Alexey Sklyarenko:"... Before the sixty-year-old somnambulist could go on procreating, he was clapped into a monastery for fifteen years as required by an ancient Russian law. (1.21)."
Jansy Mello:  Just a little note about Ivan Ivanov's being "clapped into a monastery". Might there be any reference to the common STD "gonorrhea," or "the clap",* now linked with "incest"?
Although Van Veen's or Ada's happy handclapping at various moments in the novel sounds innocent, the author lets us know that some of the servants in Ardis (such as Blanche) suffer from venereal diseases. The faithful Trofim warns his master:"‘Dazhe skvoz’ kozhanïy fartuk ne stal-bï ya trogat’ etu frantsuzskuyu devku.’ " (and right after that a translation is offered)
"Barin: master. Dázhe skvoz’ kózhanïy fártuk: even through a leathern apron. Ne stal-bï ya trógat’: I would not think of touching. Étu: this (that). Frantsúzskuyu: French (adj., accus.). Dévku: wench. Úzhas, otcháyanie: horror, despair. Zhálost’: pity, Kóncheno, zagázheno, rastérzano: finished, fouled, torn to shreds."
Death may close a scene with a "clap-stick" ** (still another almost innocent technical expression, close to wipings, abrasions and uncomfortable recollections related to two hands sliding on a banister) but, undoubtedly, in the quote below the indication of "the clap" seems to be direct: 
Eccentric police officers grew enamored with the glamour of incest [  ] Nightwatchmen fought insomnia and the fire of the clap with the weapons of Vaniada’s Adventures.[  ]Virgin chatelaines in marble-floored manors fondled their lone flames fanned by Van’s romance. And another century would pass, and the painted word would be retouched by the still richer brush of time."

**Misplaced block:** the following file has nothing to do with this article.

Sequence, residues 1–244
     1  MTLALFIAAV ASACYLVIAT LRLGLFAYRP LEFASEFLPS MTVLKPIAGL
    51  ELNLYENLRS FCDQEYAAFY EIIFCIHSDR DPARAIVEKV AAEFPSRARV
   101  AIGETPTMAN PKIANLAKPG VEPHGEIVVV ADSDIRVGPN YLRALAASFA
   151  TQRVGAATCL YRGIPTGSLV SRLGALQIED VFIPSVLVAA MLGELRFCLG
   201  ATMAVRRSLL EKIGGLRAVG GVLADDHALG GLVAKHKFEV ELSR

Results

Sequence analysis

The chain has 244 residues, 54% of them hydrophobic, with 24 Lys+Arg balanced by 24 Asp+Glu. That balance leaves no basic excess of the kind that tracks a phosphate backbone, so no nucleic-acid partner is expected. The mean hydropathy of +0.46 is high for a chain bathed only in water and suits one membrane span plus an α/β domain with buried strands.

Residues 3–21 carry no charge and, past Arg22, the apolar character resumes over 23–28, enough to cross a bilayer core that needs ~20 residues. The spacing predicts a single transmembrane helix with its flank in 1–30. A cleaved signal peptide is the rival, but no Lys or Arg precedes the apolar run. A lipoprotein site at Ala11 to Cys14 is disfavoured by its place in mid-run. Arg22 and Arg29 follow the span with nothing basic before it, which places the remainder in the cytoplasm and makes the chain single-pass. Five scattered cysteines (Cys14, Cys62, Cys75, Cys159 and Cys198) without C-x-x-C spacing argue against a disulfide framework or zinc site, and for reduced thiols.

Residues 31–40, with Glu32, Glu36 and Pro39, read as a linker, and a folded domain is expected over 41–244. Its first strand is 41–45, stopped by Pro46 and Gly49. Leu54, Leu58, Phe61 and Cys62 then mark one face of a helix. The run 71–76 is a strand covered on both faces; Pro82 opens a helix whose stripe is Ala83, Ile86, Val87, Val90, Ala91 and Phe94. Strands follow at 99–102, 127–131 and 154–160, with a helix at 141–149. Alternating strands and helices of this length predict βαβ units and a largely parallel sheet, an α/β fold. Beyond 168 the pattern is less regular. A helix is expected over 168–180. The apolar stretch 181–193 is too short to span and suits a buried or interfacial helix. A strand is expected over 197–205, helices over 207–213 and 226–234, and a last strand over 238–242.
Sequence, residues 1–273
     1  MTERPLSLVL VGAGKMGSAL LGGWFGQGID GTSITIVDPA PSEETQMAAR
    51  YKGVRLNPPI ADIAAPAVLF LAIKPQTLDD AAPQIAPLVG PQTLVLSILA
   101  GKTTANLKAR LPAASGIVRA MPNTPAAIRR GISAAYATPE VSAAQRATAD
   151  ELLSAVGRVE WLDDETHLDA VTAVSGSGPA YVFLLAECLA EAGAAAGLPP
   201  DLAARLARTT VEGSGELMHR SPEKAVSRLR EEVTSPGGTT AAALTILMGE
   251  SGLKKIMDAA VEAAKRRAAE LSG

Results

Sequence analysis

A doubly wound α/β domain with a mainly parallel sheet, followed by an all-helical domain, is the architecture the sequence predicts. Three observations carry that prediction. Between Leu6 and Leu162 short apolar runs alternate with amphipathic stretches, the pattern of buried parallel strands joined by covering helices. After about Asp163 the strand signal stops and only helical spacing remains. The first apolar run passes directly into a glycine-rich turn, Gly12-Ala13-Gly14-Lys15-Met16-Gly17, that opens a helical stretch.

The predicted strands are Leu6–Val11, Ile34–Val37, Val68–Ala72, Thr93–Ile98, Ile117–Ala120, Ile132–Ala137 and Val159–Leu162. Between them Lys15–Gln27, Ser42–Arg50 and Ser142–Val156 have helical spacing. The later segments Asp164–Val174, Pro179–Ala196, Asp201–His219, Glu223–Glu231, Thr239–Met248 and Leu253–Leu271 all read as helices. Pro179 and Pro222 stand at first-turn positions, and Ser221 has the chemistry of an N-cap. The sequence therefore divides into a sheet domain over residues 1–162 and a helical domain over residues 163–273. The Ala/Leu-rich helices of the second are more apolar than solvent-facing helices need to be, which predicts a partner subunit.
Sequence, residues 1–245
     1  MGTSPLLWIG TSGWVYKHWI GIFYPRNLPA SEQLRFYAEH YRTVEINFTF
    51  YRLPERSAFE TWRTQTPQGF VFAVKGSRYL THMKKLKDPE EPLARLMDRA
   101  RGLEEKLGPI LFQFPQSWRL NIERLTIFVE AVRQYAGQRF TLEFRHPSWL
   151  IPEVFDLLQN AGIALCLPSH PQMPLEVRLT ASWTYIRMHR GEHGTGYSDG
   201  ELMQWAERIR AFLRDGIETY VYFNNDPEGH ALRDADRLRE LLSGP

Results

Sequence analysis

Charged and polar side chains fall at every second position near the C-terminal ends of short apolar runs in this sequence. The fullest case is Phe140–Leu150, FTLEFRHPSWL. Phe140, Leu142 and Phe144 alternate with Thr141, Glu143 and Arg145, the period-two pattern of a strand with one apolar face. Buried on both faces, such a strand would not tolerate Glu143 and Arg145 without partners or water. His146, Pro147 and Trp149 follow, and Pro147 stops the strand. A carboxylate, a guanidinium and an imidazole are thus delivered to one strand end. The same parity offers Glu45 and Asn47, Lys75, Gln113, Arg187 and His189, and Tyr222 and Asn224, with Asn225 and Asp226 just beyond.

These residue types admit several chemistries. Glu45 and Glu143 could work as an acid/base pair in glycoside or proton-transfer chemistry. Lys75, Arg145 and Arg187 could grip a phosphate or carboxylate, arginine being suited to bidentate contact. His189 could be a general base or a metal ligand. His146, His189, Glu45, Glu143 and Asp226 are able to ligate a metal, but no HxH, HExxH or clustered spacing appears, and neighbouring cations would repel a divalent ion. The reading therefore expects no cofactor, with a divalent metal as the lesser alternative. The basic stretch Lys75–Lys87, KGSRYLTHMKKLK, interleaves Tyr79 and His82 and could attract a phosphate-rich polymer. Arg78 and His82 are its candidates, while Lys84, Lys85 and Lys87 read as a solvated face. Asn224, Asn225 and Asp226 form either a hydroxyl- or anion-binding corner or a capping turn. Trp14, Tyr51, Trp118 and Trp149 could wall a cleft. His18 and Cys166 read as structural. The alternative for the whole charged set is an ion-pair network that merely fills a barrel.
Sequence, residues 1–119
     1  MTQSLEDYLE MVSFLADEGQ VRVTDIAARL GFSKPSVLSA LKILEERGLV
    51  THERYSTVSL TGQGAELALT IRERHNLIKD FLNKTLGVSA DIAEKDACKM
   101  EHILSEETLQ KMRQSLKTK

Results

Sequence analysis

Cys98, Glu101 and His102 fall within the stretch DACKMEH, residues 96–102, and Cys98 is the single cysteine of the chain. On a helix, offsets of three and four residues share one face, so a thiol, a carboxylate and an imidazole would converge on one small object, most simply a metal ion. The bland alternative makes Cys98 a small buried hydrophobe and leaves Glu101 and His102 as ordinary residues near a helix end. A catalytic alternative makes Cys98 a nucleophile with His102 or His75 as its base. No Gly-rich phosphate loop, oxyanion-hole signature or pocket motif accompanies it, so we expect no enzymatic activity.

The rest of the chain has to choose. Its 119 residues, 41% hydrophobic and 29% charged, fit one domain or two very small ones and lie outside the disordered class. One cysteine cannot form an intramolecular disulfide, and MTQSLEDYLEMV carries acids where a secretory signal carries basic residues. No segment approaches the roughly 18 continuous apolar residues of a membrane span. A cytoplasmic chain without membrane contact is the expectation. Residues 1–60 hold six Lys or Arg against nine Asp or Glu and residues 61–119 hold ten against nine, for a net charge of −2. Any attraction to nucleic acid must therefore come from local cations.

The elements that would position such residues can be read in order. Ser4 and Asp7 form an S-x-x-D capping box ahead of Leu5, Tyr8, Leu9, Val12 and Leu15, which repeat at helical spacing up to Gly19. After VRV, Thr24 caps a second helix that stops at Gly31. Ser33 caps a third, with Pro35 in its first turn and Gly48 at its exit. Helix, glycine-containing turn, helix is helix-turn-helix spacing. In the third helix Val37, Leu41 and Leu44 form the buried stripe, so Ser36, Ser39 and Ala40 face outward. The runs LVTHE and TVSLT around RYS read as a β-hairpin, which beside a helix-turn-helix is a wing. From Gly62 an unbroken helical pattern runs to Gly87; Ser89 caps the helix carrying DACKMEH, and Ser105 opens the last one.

Why was gonorrhea called the clap? A strong possibility is because of a once-prescribed treatment: clapping the penis hard, for example, with a book against a table or a swift clap with the hands.
Here is KnowsWhy.Com: There have been many theories on why gonorrhea is sometimes called clap./ For one, it is believed that clap refers to the old French term, ‘clapier’, which means brothel. Before, gonorrhea was easily spread through these places. However, there is also another theory, which referred to how the infection was treated. To treat gonorrhea, it involved slamming a heavy book or any object down the penis so that the discharge would come out. This might not sound like a good treatment since it involved smashing the penis.[  ] "Gonorrhea Clap, “running range,” is the most dangerous of the three [venereal diseases]; because the most easily spread, the most lightly considered (only a cold) and the most difficult to cure. It begins as a little smarting when urine is passed, finally pain, swelling and a discharge that is highly contagious – the smallest bit of it in the eye may destroy vision... A man that would willfully put out the eyes of an innocent baby is the meanest of criminals. Yet that is what a man does who takes clap to the marriage bed. If there is any Hell, I think the hottest pace in it ought to be reserved for the man who willfully spreads venereal disease. A man with no respect for a pure woman is not fit to live." [  ]" I finally got an article through interlibrary loan, Michael R. Spence (1983). Gonorrhea. Clinical Obstetrics and Gynecology 25(1): 111-124. Here’s what is says about the history of the term: In the 1300s John Ardene, surgeon to Richard II and Henry IV of England, first used the term clap. The origin of the word is unclear and may refer to the word clappoir, meaning “bubo”; to le clapier, a house for prostitutes; to “clappers,” noisemakers used to warn of the approach of lepers."

** - All this was mere scenery, easily packed, labeled ‘Hell’ and freighted away; and only very infrequently some reminder would come — say, in the trickwork close-up of two left hands belonging to different sexes — doing what? Marina could no longer recall (though only four years had elapsed!) — playing à quatre mains? — no, neither took piano lessons — casting bunny-shadows on a wall? — closer, warmer, but still wrong; measuring something? But what? Climbing a tree? The polished trunk of a tree? But where, when? Someday, she mused, one’s past must be put in order. Retouched, retaken. Certain ‘wipes’ and ‘inserts’ will have to be made in the picture; certain telltale abrasions in the emulsion will have to be corrected; ‘dissolves’ in the sequence discreetly combined with the trimming out of unwanted, embarrassing ‘footage,’ and definite guarantees obtained; yes, someday — before death with its clap-stick closes the scene.

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